Speculation about a second Melbourne side progressed and on 12 February 2007, South Melbourne FC revealed that they were courting approaches from private investors with the prospect of being the second A-League club based in Melbourne.[11] As part of the South Melbourne bid, the club was to be privatised and the bid name was to be 'Southern Cross FC'.[12]

On 1 March 2008 former Carlton Football Club vice-president and businessman Colin DeLutis expressed his interest in a second Melbourne A-League side, with an approach to the FFA to become sole owner of the second licence with the bid name of 'Melbourne City'.[13] FFA chief executive Ben Buckley raised the possibility of expanding the A-League from eight to 12 teams in May 2008, in readiness for the 2009–10 season.[14] Buckley also revealed the existence of a third Melbourne bid tentatively known as 'Melbourne Heart' backed by Peter Sidwell, to compete with the two other bids of Southern Cross FC and Melbourne City.[15] On 25 July 2008, the Melbourne City bid dropped out of the bidding process leaving the Melbourne Heart and Southern Cross FC bids as the last two bids standing.[16] By September 2008 the Melbourne Heart bid was awarded exclusive negotiating rights for the league's 11th licence, beating out the South Melbourne-backed Southern Cross FC bid. Negotiations continued until Sidwell's group was awarded the licence to join the A-League's 2010–11 season by the FFA on 12 June 2009.[17]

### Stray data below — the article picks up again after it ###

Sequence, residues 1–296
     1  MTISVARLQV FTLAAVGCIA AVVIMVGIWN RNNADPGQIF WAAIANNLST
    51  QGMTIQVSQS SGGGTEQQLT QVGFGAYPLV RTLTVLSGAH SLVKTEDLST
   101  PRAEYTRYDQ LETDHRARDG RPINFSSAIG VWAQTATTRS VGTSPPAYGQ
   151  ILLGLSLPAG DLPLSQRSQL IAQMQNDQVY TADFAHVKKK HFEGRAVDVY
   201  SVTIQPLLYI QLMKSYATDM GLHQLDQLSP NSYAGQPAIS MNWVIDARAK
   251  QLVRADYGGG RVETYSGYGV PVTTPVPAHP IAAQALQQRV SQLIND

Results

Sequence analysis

First season, 2010–11[edit]

Heart started its inaugural season against Central Coast Mariners on 5 August 2010, at their home ground AAMI Park, losing 1–0.[18] The club's first ever goal was an own goal scored by Ben Kantarovski in the Heart's second league game, a 1–1 draw against Newcastle Jets. Melbourne Heart's first win was a 1–0 victory over North Queensland Fury, which came in the fifth round of their first A-League season on 4 September 2010.[19] They contested the first ever Melbourne Derby against Melbourne Victory on 8 October 2010, and won 2–1. In the middle of their season, they went seven matches without winning (six losses and a draw) and over five hours without scoring a goal. This was turned around when they travelled to play Adelaide United and beat them 2–1 in the final five minutes, despite trailing at 1–0 for all of the second half up to that time. Heart finished their first season on equal points with Newcastle Jets, but behind on goal difference in eighth position. They failed to make it into the top six teams to reach the finals, despite sitting in sixth position for majority of the season.


On 7 July 2011, the club announced it would take part in the inaugural Hawaiian Islands Invitational from 23–25 February 2012. The squad was set to be made up of emerging youth players as the tournament overlaps with the 2011–12 A-League season. Taking part in the Invitational was Japan's Yokohama, South Korea's Incheon United FC and reigning MLS Cup winners the Colorado Rapids from the United States.[20] Melbourne Heart drew against Busan IPark and lost 0–1 against Colorado Rapids.

Melbourne Heart signed former rival Melbourne Victory player Fred on 20 June 2011, as a marquee player,[21] he replaced Simon Colosimo as captain of the Heart[22]